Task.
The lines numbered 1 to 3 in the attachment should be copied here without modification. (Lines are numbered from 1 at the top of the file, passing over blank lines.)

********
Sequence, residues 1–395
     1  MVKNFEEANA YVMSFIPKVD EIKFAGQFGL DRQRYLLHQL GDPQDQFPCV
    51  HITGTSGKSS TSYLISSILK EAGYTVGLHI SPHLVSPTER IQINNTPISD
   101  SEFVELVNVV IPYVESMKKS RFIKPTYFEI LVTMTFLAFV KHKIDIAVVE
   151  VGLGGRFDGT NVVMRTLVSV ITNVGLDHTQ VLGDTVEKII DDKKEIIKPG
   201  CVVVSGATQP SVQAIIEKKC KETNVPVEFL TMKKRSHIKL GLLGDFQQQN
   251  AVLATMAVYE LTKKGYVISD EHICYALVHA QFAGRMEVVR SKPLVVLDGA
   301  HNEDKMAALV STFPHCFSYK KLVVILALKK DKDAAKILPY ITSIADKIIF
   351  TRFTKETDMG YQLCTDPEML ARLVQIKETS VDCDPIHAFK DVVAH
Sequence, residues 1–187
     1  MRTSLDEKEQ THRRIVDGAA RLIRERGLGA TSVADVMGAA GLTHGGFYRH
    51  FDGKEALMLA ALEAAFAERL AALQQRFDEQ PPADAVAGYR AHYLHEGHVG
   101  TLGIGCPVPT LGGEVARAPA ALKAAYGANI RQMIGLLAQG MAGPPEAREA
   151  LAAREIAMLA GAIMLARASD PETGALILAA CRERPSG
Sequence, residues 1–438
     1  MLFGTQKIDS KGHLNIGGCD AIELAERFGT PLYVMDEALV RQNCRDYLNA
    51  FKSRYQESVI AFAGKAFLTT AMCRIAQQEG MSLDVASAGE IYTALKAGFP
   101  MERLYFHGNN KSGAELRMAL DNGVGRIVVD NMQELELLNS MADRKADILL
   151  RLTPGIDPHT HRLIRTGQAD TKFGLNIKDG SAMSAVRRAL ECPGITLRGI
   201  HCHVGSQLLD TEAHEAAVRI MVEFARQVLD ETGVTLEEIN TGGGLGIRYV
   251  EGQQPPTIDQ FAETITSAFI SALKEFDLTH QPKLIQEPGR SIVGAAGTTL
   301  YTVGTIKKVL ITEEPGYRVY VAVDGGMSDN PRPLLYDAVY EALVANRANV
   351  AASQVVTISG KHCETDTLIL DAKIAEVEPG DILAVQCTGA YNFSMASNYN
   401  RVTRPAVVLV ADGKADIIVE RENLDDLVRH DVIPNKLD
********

Sequence, residues 1–395
     1  MVKNFEEANA YVMSFIPKVD EIKFAGQFGL DRQRYLLHQL GDPQDQFPCV
    51  HITGTSGKSS TSYLISSILK EAGYTVGLHI SPHLVSPTER IQINNTPISD